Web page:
Numerous researchers have reported that postabortion crises are often precipitated by the anniversary date of the abortion or the unachieved “due date.” These emotional crises may appear to be inexplicable and short-lived, occurring for many years until a connection is finally established during counseling sessions.

A 5 year retrospective study in two Canadian provinces found that 25 percent of aborted women made visits to psychiatrists as compared to 3 percent of the control group.

Women who have undergone post-abortion counseling report over 100 major reactions to abortion. Among the most frequently reported are: depression, loss of self-esteem, self-destructive behavior, sleep disorders, memory loss, sexual dysfunction, chronic problems with relationships, dramatic personality changes, anxiety attacks, guilt and remorse, difficulty grieving, increased tendency toward violence, chronic crying, difficulty concentrating, flashbacks, loss of interest in previously enjoyed activities and people, and difficulty bonding with later children.

Among the most worrisome of these reactions is the increase of self-destructive behavior among aborted women:

- 80 percent expressed feelings of “self-hatred”

- 49 percent reported drug abuse

- 39 percent began to use or increase their use of alcohol

- 14 percent described themselves as having become “addicted” or “alcoholic” after their abortions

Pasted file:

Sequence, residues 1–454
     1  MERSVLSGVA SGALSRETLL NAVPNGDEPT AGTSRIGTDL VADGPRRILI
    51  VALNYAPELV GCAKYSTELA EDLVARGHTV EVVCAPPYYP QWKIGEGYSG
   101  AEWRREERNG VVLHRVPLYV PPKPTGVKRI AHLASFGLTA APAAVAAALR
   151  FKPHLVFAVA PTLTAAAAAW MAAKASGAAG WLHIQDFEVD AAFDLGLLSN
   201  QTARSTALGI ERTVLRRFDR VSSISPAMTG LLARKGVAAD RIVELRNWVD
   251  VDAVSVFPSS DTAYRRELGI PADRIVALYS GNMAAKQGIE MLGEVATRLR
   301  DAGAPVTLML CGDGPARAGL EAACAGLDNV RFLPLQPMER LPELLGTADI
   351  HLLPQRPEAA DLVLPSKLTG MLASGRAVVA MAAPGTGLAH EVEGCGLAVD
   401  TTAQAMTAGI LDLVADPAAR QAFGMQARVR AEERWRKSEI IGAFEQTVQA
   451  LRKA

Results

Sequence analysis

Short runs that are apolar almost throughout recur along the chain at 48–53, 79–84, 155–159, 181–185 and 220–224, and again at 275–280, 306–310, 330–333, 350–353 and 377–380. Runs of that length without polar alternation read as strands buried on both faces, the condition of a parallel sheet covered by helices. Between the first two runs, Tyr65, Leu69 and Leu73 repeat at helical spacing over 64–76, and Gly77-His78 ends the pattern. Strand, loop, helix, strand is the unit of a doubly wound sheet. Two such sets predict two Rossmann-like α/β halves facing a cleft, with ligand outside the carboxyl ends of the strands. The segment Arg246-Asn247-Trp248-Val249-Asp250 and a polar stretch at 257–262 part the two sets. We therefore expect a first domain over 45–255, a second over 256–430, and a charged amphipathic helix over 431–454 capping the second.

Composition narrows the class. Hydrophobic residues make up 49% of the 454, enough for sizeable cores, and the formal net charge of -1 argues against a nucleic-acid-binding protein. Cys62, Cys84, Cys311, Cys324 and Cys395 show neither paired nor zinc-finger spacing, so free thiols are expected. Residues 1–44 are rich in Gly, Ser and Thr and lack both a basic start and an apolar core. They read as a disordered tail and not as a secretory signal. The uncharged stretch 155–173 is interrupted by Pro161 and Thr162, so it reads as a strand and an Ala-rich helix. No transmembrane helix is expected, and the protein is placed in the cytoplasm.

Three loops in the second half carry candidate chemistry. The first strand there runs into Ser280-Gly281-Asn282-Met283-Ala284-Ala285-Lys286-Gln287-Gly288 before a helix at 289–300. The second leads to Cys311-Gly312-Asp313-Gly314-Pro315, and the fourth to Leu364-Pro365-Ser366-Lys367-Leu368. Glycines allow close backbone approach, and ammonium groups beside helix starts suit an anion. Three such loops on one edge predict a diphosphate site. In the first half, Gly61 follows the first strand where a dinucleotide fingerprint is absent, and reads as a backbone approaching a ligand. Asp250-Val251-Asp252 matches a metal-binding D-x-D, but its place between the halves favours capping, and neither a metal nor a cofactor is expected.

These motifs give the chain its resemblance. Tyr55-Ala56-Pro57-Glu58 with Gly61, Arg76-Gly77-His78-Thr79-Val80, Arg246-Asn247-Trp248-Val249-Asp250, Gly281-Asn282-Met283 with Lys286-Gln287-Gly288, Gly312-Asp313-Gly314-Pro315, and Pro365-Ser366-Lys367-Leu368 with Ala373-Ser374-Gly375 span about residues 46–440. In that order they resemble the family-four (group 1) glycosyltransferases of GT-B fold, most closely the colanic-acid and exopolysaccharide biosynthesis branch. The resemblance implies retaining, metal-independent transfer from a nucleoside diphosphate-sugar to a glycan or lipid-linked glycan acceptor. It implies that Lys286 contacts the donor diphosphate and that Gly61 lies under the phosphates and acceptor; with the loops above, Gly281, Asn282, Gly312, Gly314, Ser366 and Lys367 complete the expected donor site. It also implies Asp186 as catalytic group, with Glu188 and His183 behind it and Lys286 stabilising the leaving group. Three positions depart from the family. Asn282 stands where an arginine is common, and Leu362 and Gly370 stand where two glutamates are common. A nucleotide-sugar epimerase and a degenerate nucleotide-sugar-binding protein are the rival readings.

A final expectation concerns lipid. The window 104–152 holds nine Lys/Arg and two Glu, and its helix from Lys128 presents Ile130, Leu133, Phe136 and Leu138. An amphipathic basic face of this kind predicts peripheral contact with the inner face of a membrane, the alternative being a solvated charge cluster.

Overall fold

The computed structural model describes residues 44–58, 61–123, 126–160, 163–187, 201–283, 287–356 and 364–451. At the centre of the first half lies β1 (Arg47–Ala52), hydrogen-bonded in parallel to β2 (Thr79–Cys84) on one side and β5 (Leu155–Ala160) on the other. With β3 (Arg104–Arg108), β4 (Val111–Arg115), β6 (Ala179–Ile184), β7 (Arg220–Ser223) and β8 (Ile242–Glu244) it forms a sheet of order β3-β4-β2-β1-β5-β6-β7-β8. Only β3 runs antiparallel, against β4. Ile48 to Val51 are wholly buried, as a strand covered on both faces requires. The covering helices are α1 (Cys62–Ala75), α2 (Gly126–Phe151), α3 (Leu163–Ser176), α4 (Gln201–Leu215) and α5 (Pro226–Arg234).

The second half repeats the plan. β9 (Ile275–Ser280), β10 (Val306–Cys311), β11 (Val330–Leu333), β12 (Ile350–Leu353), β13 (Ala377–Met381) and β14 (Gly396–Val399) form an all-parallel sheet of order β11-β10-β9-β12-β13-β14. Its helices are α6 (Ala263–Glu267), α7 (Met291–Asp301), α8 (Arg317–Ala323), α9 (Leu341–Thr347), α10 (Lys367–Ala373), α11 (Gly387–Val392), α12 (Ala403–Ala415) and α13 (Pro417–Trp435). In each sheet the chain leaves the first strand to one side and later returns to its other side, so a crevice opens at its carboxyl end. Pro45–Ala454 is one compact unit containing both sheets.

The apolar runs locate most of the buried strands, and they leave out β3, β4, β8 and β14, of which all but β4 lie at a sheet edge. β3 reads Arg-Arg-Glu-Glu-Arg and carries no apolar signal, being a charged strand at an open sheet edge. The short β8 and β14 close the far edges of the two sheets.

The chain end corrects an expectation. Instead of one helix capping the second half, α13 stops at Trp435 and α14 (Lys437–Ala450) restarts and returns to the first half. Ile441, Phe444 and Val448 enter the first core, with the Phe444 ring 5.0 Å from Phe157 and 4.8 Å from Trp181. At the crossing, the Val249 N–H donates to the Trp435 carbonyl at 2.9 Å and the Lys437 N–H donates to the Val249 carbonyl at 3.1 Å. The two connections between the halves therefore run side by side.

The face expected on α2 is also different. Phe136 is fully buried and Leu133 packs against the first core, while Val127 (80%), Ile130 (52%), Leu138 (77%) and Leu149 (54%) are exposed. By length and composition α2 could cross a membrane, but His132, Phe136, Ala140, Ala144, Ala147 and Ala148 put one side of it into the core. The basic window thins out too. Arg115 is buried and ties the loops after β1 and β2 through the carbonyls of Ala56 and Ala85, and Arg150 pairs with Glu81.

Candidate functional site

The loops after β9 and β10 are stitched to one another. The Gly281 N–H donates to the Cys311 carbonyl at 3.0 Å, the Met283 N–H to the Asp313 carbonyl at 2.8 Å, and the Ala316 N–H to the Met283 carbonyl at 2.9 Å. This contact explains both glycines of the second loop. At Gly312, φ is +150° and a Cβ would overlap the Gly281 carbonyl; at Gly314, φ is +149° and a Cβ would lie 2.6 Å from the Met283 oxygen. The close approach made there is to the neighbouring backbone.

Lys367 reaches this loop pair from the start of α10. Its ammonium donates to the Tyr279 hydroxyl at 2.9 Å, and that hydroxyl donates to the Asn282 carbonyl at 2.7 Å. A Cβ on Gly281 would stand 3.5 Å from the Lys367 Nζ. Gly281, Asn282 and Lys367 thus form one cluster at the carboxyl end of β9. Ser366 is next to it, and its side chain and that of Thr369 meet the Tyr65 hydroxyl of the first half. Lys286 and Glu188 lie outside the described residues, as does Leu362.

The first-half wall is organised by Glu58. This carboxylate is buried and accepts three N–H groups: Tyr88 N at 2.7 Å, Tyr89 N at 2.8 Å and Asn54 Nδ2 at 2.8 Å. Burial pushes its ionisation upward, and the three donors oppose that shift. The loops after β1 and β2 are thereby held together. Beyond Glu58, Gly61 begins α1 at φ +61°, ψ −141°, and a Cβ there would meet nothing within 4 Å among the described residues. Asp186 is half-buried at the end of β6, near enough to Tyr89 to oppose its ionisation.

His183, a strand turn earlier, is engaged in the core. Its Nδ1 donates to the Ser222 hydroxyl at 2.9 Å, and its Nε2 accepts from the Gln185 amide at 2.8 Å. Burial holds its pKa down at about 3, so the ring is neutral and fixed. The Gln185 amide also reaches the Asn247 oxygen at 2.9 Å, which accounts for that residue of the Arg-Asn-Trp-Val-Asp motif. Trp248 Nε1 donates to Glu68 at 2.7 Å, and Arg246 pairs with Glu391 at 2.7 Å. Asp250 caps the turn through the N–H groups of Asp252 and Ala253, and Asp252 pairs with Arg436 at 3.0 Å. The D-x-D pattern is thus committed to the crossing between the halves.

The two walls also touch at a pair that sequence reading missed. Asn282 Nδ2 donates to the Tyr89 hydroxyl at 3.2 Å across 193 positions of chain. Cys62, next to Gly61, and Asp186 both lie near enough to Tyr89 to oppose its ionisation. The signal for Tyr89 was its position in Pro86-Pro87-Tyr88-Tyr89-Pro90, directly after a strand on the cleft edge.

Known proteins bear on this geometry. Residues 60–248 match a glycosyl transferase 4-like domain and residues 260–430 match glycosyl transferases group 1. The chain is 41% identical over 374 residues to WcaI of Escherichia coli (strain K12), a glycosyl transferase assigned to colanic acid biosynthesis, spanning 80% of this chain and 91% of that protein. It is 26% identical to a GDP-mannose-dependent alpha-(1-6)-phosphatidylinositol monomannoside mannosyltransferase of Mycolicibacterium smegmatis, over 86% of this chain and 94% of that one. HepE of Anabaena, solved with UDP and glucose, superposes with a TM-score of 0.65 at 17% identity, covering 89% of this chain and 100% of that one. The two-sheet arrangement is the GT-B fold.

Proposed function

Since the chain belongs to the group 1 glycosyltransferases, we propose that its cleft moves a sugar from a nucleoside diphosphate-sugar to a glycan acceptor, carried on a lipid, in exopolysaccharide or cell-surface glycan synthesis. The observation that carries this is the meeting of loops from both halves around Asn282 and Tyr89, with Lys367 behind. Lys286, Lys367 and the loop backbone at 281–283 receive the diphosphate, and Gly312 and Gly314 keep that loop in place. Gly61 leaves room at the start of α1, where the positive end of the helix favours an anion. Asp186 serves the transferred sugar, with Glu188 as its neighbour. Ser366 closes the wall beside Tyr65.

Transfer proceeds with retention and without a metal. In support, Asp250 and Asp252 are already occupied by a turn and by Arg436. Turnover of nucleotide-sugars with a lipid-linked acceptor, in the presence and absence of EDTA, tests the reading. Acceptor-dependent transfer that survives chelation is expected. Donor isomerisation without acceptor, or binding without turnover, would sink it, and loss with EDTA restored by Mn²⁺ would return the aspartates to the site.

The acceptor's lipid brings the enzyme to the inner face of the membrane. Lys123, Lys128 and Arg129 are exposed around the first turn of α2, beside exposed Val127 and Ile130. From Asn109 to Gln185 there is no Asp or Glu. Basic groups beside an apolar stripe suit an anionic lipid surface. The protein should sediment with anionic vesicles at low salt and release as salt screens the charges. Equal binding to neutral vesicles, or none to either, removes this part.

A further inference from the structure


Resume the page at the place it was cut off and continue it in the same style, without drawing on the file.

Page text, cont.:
- 60 percent reported suicidal ideation

- 28 percent actually attempted suicide, of which half attempted suicide two or more times.

(Source: The Aftereffects of Abortion, www.afterabortion.org/complic.html)

 

Women from Iowa Share Their Abortion Experiences

To understand the true horrors of abortion, you need to hear about it from women who have been through it. Here are the stories of women from Iowa who have bravely come forward with their stories. Read the Abortion Testimonies from Iowa Women here.

 

Post Abortion Healing Resources

If you or someone you care about is suffering from the effects of Post Abortion Syndrome, there are groups and resources to help you begin the healing process:

- Project Rachel www.hopeafterabortion.com

- Rachel’s Vineyard Ministries www.rachelsvineyard.org

- Silent No More www.silentnomoreawareness.org

- Sisters of Life www.sistersoflife.org